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A new model for planetary regolith thermal conductivity: Implications for relating thermal inertia to particle size

Presentation #302.03 in the session “Moon and Mercury 1”.

Published onOct 26, 2020
A new model for planetary regolith thermal conductivity: Implications for relating thermal inertia to particle size

This presentation describes a new, analytic, and mechanistic model [Wood, 2020] for calculating the effective thermal conductivity (keff) of planetary regolith as a function of the physical properties of its components (e.g., intrinsic thermal conductivities), particle size and shape, bulk porosity, pore gas density, temperature, cohesive force, and lithostatic pressure (or depth). The model is based on the Maxwell-Eucken theoretical expressions for the upper and lower bounds for keff of heterogeneous, isotropic material - equivalent to the Hashin-Shtrikman bounds. The effect of interparticle contact is modeled using a parameter fsc that represents the fractional continuity of the solid phase, which depends on the relative size and number of contacts between particles. The actual size of the contacts is estimated based on Hertzian mechanics of elastic deformation including the effects of cohesive surface forces. An effective contact radius is determined that also takes into account the heat transfer through the pore space in the immediate vicinity of the contact, as well as lower limits due to plastic deformation. Particle shape is quantified in terms of its sphericity and roundness. The effect of radiative heat transfer is included, as well as the dependence of gas conductivity on temperature and Knudsen number from kinetic theory. The only free parameters in the model are two constant coefficients in the hypothesized expressions for fsc and pore size which are empirically determined by least-squares fits to laboratory measurements of keff for glass beads over a wide range of particle size and pore gas pressure. Using these best-fit values for the coefficients, the model predicts values of keff which are in close agreement with previous laboratory measurements for basalt and quartz powders, crushed kyanite, and Apollo lunar soil samples.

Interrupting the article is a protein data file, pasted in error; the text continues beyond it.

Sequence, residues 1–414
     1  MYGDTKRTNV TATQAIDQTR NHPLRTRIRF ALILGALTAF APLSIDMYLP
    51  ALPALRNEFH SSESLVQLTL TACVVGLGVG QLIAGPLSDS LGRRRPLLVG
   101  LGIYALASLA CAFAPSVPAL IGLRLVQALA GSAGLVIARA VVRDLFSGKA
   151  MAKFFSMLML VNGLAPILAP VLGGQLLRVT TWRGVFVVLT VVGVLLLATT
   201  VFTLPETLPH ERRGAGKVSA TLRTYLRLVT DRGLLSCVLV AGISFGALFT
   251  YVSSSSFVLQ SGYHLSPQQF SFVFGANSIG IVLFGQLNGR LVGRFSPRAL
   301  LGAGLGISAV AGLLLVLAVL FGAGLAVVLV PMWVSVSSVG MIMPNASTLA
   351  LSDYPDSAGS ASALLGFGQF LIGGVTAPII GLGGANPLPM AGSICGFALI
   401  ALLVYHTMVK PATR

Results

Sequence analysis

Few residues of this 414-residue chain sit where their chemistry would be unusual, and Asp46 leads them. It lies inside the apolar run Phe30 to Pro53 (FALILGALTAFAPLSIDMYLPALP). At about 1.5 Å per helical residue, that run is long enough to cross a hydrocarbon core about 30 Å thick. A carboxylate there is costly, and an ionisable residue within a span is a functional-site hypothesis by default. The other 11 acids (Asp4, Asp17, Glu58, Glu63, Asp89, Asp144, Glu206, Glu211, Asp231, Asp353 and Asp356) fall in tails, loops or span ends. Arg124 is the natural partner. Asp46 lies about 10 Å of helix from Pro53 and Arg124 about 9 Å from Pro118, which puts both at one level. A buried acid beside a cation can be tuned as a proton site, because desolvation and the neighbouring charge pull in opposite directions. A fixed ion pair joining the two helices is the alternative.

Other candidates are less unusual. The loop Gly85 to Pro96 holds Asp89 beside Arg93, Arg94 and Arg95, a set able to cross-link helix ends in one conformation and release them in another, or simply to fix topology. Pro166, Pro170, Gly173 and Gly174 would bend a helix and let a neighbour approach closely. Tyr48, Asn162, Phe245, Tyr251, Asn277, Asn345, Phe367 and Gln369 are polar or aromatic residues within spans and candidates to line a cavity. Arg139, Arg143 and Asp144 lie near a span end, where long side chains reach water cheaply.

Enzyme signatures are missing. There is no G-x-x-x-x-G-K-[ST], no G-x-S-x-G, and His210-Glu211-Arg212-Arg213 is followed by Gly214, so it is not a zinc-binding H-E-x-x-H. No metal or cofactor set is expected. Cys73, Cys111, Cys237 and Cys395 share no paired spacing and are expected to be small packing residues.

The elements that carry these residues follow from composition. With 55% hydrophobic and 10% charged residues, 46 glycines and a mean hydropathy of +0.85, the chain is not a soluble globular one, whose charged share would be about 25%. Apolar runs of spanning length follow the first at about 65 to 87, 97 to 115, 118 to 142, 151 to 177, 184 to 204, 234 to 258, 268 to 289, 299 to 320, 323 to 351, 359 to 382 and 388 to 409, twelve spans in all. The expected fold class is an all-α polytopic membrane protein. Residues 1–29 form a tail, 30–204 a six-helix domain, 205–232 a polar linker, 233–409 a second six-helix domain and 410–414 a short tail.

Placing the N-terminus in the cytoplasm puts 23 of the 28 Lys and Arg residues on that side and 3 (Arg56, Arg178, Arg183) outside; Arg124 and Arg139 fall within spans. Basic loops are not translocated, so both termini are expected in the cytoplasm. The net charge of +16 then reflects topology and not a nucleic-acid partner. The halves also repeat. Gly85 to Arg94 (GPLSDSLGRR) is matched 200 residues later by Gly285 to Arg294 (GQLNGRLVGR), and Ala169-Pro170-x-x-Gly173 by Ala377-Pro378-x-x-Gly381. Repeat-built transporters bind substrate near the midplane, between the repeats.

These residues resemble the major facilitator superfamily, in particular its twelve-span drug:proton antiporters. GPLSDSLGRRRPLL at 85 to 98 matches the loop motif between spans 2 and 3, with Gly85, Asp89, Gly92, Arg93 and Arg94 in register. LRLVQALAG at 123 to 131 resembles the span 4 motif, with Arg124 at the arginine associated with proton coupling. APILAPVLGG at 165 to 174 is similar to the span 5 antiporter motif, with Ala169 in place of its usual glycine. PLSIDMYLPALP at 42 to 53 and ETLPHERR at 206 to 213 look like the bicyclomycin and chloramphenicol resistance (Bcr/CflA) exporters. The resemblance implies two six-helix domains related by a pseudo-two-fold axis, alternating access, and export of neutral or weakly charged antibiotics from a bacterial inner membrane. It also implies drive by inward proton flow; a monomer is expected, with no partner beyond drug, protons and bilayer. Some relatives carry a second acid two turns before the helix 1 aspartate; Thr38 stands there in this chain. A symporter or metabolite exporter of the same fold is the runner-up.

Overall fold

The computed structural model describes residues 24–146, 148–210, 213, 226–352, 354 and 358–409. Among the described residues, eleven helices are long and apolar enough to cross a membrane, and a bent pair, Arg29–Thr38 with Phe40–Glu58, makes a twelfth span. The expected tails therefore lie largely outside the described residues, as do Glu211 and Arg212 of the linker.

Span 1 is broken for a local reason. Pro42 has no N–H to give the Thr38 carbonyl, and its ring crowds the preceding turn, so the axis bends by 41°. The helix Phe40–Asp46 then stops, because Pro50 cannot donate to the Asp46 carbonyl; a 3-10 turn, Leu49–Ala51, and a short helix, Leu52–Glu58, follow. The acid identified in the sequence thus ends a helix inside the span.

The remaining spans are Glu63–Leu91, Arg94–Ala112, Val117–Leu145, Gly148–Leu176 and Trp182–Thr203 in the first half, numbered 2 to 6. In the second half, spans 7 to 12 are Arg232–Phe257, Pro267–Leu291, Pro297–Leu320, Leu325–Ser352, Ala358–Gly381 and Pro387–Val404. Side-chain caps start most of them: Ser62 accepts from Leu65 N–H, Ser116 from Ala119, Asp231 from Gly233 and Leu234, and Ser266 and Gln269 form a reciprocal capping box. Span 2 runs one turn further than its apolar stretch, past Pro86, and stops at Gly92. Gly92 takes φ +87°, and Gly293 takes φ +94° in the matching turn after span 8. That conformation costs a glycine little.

An important application of such models is the physical interpretation of thermal inertia values derived from remote-sensing observations of surface temperature variations. Of particular interest is the regolith particle size, which has long been related to thermal inertia values on Mars and, more recently, on airless bodies. Results based on the new model will be presented showing the sensitivity of the relationship between thermal inertia and particle size to temperature and to uncertainties in other parameters including bulk porosity, particle shape, and composition.

  1. Wood, S. E. (2020), DOI:10.1016/j.icarus.2020.113964


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